This last week has been overwhelmingly positive. I've come to terms with demons that are years old through coming to accept my limits, had nothing but desire to learn about and have fun with people, had a sober mind to help a friend go through a break-up with her girl friend (of which I'm particularly proud) and found some awesome music.
I've also survived chickenpox (which wasn't as bad as people think: just a flu) and had to come home - a place that used to loathe - for treatment, which may have given space to all of the great transformative experience I've had lately. It's the same city steve had so much fun exploring today/yesterday in the IRC, which fills me with joy. Dude, go ahead and drive around Tomsk and Novosibirsk, too! Let me know what you think! Tomsk is much calmer and more narrow than Kemerovo, with a lot of history on its streets, while Novosibirsk is bigger, more urban and modern (though the latter might be my own perception of it: I do love that city).
One of the biggest changes was in how I see other people. Some of you may know a friend used to have, Sveta; we've been friends for two years before breaking up badly: our flaws collided hard and I couldn't take it. This year, I wrote her a message saying how grateful I was for the time we had, given that I've never said it at the time. She responded with the same. Something clicked in my head: that maybe the person I've been demonizing all this while isn't evil at all and it was me who projected my problems onto her, which is what led us to all the trouble we've had. Suddenly, things became clear: she was no longer the demon - just a person trying her best to stay afloat in life, like the rest of us. Made me realize I still wanted to be friends with her because she treated me with kindness and care.
She said she wasn't sure she can let me into her life again - I was, after all, a major source of emotional pain in her life before. It's okay. What matters is that I've finally recognized my own feelings and expressed them openly; whether we become friends again, I'm just glad it happened to me and, hopefully, I was able to mend a couple of bricks of her bridge of life.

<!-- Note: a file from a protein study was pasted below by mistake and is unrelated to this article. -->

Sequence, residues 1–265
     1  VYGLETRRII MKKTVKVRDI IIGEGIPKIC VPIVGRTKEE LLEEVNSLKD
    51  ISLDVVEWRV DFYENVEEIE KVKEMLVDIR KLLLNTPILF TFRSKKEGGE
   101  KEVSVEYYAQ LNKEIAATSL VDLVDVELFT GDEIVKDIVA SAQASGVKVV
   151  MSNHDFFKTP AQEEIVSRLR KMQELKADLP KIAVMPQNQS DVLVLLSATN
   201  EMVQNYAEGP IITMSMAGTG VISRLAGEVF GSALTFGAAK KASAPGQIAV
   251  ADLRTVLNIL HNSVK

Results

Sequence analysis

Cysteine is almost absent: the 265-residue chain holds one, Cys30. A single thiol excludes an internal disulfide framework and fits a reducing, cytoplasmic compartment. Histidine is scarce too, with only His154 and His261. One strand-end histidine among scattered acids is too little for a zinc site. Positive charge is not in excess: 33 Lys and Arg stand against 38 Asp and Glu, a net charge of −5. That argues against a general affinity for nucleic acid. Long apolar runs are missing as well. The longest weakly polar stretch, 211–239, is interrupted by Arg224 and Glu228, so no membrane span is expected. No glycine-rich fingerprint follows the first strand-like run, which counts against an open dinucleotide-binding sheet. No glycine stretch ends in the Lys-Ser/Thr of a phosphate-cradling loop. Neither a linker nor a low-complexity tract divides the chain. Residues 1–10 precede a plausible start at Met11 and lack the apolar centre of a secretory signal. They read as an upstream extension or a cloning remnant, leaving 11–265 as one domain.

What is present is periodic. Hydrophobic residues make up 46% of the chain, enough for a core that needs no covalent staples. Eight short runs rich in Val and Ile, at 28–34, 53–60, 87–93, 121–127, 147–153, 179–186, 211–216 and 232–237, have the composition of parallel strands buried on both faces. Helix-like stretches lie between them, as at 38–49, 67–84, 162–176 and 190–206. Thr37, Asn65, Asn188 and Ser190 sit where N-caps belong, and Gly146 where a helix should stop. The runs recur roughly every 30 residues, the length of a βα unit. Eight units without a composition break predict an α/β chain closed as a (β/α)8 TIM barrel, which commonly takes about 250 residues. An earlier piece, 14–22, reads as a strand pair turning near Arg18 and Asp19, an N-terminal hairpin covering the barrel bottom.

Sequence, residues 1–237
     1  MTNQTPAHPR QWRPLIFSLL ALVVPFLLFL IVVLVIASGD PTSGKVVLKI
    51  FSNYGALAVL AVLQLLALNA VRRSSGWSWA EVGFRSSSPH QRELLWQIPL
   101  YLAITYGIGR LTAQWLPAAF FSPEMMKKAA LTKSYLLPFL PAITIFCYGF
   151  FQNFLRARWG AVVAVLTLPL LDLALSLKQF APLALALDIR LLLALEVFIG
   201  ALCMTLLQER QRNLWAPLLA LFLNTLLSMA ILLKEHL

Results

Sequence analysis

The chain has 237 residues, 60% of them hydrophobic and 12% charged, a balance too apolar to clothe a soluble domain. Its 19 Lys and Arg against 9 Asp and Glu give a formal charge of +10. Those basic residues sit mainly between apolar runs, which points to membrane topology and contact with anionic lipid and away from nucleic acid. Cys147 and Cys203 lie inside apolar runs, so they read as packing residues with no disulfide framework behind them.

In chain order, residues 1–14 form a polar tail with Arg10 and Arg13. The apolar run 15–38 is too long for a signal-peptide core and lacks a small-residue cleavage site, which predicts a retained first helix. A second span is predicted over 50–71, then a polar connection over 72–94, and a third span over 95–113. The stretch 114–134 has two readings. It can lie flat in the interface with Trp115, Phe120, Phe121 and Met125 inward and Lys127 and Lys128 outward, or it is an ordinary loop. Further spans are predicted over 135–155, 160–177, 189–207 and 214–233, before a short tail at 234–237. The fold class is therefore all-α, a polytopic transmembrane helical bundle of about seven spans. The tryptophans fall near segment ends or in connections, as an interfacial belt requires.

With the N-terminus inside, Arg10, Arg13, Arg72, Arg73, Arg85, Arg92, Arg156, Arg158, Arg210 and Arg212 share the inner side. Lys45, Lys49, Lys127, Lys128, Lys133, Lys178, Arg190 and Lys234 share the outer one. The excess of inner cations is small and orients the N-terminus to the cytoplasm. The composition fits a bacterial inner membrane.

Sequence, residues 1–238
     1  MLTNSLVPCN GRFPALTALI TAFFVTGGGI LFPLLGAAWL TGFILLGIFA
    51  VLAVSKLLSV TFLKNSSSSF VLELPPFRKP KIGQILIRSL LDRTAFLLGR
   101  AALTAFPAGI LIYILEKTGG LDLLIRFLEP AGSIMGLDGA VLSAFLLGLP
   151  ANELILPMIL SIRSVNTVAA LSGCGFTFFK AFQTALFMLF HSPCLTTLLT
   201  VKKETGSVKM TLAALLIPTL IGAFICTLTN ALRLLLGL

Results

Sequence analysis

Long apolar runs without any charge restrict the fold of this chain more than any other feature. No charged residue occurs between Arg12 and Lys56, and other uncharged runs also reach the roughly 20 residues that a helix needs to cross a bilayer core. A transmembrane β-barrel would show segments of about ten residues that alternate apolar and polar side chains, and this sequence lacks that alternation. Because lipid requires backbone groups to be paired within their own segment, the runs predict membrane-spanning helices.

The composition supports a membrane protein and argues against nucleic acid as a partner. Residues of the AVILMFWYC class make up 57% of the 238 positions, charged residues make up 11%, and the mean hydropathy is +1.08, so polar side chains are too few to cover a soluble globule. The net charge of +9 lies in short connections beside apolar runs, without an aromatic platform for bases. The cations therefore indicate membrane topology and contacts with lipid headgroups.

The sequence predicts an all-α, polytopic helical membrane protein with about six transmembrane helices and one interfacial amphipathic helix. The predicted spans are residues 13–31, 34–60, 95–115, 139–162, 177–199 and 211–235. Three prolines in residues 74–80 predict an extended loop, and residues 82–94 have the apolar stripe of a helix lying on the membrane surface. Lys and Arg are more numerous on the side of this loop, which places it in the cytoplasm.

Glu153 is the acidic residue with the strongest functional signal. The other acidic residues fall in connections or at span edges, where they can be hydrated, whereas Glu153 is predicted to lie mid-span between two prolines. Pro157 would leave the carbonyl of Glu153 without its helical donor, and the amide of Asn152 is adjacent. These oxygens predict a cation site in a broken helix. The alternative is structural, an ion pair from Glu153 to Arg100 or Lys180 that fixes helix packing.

Which is another thing I came to realize: the past isn't merely gone - it builds a bridge that we walk on. Conflicts, when left unresolved, crumble and corrode the bricks of which it's built. We affect each others' bridges when we enter people's lives, and by leaving anger in their lives, we corrode the bricks. An apology, then, is mending another person's bridge - and, perhaps, your own; to mend another's bridge is an achievement, and if you are the source of the damage - a duty.
One of the biggest challenges lately has been losing weight. I took up this rather extreme meal plan to get rid of the belly. It was fun the first couple of days because of the challenge of not eating, and I also tried to do "cardio trim" alongside, but soon my strength, both of body and mind, deteriorated to the point where I could no longer sustain the exercise or have any will to do anything, in obvious contrast with the week prior. I guess the effect's supposed to be drastic, otherwise nothing would happen, but this is a lot; I took a day off it today, to figure out how to proceed. My motivation is that I can't wear my usual white shirt until I trim the fat - and, given how damn good I look in it, it's a strong motivator for me.
Moving to Tomsk tomorrow, partly for uni, mostly because I'm full with what this house has to give me.
And to finish with some awesome music...
Zvenit Yanvarskaya Viuga is a cover of a classic Soviet film soundtrack by the Italian pop-rock band Vanilla Sky. It hit the Italian charts a couple of years ago like a hurricane, and I'm so glad to finally find it myself, because it sounds awesome. There's a snippet of the original in the beginning of the clip.
Prisencolinensinaincuisol is a song from another Italian artist, Adriano Celentano. He may not be as known in the rest of Europe or in the US, but he was popular as an actor in Russia during my childhood. The song is a nonsense verse that means to imitate the sound of American English to an Italian ear; if you turn off your language recognition, you can hear something distinctly American there sometimes. The second video is the modern remix by Benny Benassi, featuring old Celentano in a background role.